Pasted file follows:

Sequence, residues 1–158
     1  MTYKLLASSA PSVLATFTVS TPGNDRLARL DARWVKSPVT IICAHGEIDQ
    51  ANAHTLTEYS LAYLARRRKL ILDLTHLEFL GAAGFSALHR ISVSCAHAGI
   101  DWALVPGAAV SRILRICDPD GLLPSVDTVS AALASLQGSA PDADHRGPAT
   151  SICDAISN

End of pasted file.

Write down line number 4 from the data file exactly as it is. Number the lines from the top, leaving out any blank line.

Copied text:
   101  DWALVPGAAV SRILRICDPD GLLPSVDTVS AALASLQGSA PDADHRGPAT